Archive for March, 2008

Rising interest rates, maybe ‘tightening of belts’ – is this an opportunity?

Wednesday, March 12th, 2008

With inflation in Australia above the Reserve Banks targets, interest rates have risen yet again in an attempt to slow the economy and dampen demand. Is this a “show stopper” for business, or can it be viewed as an opportunity?


The Reserve banks uses interest rates as a questionable means of dampening demand and so slowing the economy, but in the last “sledge hammer” approach to economic control under Paul Keating when interest rates reached the dizzy heights of 17% and more, our balance of trade remained in the negative and consumers were still spending. Eventually, after many businesses “went to the wall” demand did damped and inflation slowed – but at what cost?

The ready availability of credit cards and the “must have it now” culture is one of the reasons that the impact of rising interest rates has little immediate effect on slowing the economy.

Notwithstanding the above, one thing is certain; as interest rates rise people do become more discerning with their expenditure. For the first time in perhaps more than a decade people now look twice at bills and purchases and compare alternatives with a little more rigour than before. Churn in now on the increase, and this is where the opportunity lies. Now is the time to win customers from competitors and increase market share.

Innovation is not the only answer.

Many companies embrace innovation (best defined as “Change that Adds Value”© La Salle 1999) of products, processes and services as a means to drive change and as a way of ever improving their offering and moving both their customers and businesses to an ever better place. Opportunism is perhaps another way of thinking, a way that is seldom even touched on by traditional innovation initiatives.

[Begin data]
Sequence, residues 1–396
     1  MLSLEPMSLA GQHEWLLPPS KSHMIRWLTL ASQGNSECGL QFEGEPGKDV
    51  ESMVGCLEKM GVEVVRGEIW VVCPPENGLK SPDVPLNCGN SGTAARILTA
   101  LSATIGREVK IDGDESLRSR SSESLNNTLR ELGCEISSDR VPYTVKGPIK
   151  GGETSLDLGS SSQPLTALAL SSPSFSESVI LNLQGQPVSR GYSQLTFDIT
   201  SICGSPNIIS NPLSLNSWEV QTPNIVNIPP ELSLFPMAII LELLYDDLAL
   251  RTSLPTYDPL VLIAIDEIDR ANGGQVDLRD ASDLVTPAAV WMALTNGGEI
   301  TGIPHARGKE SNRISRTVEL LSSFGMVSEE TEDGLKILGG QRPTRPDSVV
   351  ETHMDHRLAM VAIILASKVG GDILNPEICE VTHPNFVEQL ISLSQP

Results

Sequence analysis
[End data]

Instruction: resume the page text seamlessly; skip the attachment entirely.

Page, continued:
What is an Opportunity?

The dictionary defines the word opportunity as a fortunate intersection of events” or something similar, unfortunately such a definition is not a call to action for it fails to show one how an opportunity may be found.

Perhaps a better definition is:

“An observed fortunate set of circumstances (© La Salle 2002).

This simple definition underpins an entirely new search endeavour for business development and has the effect of moving the mindset of staff from that of merely operators to opportunists.

Make Opportunity your opportunity!

There are five important search criteria for finding an opportunity. People need to be skilled in the use of these and to work through the simple opportunity stimulants to find new unthought of initiatives. Not only does this work for businesses, it is equally valuable for personal, job and career development.

Be assured, opportunities are abundant, perhaps more so now in times when people are reviewing spending patterns.

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